To make the operations seamless, the company also developed various in-house tech products, including BidAssist for tender sourcing, SMEAssist for digitising SME operations; Ved AI, which is a pricing engine; OxyV for invoice discounting; Oasys for commerce ERP (enterprise resource planning); Tracecost for construction project monitoring; and other tools for lead management and loan processing.

At the other end of the spectrum, building a robust supply chain also presented its own set of challenges.

“I remember sitting outside the office of the Steel Authority of India, during our early days, for close to about four months before they actually agreed to give us a chance. It was the same across suppliers. We were thrown out of a couple of companies, one being Sangam TMT, which we ended up buying later,” Mohapatra says.

As the business gained momentum, it began providing credit through a marketplace model, collaborating with banks and non-banking financial companies (NBFCs). However, the team quickly realised that banks and NBFCs were hesitant and took time because they lacked trust in the company’s underwriting, mainly due to its relatively small scale. “By the time they gave us a limit for credit, we would have lost the purchase order. So, we decided to do it on our own and that is how Oxyzo was born,” he says.

Oxyzo, its lending arm, was launched in June 2018 and OfBusiness stopped third-party lending. Led by Kalra, Oxyzo is particularly pertinent for smaller SMEs seeking purchase financing. In May 2022, Oxyzo became a unicorn when it raised its first round of external funding. OfBusiness has close to 75% stake in Oxyzo.

OfBusiness, which first raised $4.3 million from Mohapatra’s former employer Matrix Partners, subsequently drew the interest of major global private investors such as SoftBank, Tiger Global, and Alpha Wave Global. The company was valued at $5 billion in its last round in 2021.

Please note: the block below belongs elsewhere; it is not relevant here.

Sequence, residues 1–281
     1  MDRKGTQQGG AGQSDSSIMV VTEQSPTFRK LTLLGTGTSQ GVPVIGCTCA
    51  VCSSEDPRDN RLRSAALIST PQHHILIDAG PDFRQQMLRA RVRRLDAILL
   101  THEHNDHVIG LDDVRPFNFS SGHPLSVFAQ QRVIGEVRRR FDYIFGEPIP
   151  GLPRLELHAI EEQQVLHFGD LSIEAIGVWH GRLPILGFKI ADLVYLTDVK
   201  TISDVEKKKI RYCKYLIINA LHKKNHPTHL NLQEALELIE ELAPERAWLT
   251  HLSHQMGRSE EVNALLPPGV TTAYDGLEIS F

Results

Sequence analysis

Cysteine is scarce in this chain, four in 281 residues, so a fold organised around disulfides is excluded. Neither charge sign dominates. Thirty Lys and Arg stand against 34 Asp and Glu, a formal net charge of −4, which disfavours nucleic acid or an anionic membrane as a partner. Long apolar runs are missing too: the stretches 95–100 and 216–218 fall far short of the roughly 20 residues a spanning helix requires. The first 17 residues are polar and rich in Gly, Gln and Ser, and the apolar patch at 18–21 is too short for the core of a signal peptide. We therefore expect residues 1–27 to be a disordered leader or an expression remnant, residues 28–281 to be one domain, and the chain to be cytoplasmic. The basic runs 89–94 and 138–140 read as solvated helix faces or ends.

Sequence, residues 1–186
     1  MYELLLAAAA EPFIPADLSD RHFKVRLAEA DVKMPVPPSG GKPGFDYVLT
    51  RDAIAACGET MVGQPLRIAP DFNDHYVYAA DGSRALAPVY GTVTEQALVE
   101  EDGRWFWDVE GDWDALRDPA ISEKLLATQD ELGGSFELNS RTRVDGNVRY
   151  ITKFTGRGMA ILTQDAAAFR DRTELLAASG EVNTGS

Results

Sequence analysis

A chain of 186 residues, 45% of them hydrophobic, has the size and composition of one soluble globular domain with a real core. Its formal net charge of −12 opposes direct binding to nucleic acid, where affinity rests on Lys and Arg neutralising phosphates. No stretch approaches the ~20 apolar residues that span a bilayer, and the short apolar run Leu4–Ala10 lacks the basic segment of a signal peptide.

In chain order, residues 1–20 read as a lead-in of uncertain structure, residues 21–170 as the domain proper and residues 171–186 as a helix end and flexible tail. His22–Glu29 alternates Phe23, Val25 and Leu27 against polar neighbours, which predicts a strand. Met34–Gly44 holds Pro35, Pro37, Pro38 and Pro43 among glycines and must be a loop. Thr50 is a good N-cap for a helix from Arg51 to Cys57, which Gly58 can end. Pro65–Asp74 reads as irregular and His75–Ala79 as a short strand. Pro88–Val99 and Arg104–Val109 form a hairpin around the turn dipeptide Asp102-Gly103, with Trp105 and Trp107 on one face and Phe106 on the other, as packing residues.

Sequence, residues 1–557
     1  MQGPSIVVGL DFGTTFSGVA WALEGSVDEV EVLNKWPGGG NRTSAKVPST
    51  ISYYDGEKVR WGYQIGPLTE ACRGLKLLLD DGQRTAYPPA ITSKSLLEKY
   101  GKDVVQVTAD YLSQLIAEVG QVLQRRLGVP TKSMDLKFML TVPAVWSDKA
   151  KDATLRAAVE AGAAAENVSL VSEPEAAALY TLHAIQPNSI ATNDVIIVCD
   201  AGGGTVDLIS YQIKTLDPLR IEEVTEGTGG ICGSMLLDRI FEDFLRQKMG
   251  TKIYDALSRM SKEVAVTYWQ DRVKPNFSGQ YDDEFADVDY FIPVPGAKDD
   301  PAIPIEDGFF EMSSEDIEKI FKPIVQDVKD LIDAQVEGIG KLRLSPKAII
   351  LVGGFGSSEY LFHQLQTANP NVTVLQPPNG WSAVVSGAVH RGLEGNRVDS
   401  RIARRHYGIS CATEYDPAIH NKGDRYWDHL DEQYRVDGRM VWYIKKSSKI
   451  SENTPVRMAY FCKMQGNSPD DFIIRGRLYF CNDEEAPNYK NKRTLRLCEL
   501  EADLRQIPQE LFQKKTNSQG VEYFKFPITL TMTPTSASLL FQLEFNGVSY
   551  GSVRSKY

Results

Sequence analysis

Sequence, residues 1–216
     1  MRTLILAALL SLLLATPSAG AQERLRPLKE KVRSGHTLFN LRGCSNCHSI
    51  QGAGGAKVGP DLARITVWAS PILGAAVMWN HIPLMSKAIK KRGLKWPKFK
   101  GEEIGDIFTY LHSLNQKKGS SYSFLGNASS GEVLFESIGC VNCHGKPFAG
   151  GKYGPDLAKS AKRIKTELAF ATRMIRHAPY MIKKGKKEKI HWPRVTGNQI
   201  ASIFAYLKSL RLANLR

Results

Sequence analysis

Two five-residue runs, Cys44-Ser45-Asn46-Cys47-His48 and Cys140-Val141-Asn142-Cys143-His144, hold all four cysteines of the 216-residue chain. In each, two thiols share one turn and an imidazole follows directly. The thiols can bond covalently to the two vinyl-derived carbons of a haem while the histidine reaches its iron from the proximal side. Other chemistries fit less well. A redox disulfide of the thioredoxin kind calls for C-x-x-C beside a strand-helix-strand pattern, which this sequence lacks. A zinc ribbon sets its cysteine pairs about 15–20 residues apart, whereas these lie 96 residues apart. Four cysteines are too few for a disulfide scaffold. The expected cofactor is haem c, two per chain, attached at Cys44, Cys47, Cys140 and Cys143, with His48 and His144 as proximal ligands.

The aggregation business for raw material procurement accounts for 72% of its revenue today, while 16% comes from processing, and 12% from manufacturing.

Talking about the reasons behind OfBusiness’s profitability, Mohapatra says it was because they knew how to spend less. “We broke even in FY18. The first full year of operating profit was in FY19. We are very frugal, we didn’t have much of an operating expense, we never did loss-making transactions, we did sales with no marketing, never sold things at a discount,” he explains.

Mohapatra emphasises that while the market opportunity is massive, the primary focus should be on ensuring that growth does not compromise quality or profitability, a temptation many start-ups fall into.

“Even at our current scale, we can easily compound at 40-50% CAGR for the next five years. We are at close to Rs 20,000 crore (annual revenue) now. At our scale, the challenge is to keep generating more profits, the profitability growth has to be faster than revenue growth, we should not be taking wrong capital allocation decisions, and we need to make sure business is very clean, meaning there should not be any concentration risks,” he says.

No wonder, therefore, that industry watchers are happy. Sarthak Misra, Investment Director at SoftBank Investment Advisers, praises Mohapatra’s disciplined cost control, which he says is deeply rooted in an early understanding of B2B’s thin-margin nature. This, according to Misra, will help the company not only to stay committed towards profitability, but will also help it scale.

“Mohapatra understood from day one that a B2B marketplace is a thin margin business. The founders set the example right from day one that you need to make profit on every transaction and collections should be a priority focus for everyone. Mohapatra heads collections even today. Everybody from the youngest employee in the company to the founders, have focussed on this from day one, and that has allowed them to achieve scale profitably,” Misra says.

As for the future, Mohapatra sees a huge market opportunity in what they are doing and plans to stick to the current categories for the next three to four years at least. Moreover, after eight years in business, the company is now getting ready for its debut on the public markets, expected in the next 15-18 months.

For Mohapatra, steering the ship as a category leader isn’t just a role—it’s a commitment. He rolls up his sleeves, dives into the challenges, and works relentlessly to ensure the venture generates value for everyone in the ecosystem, from suppliers and SMEs to his investors.

Source:- Business Today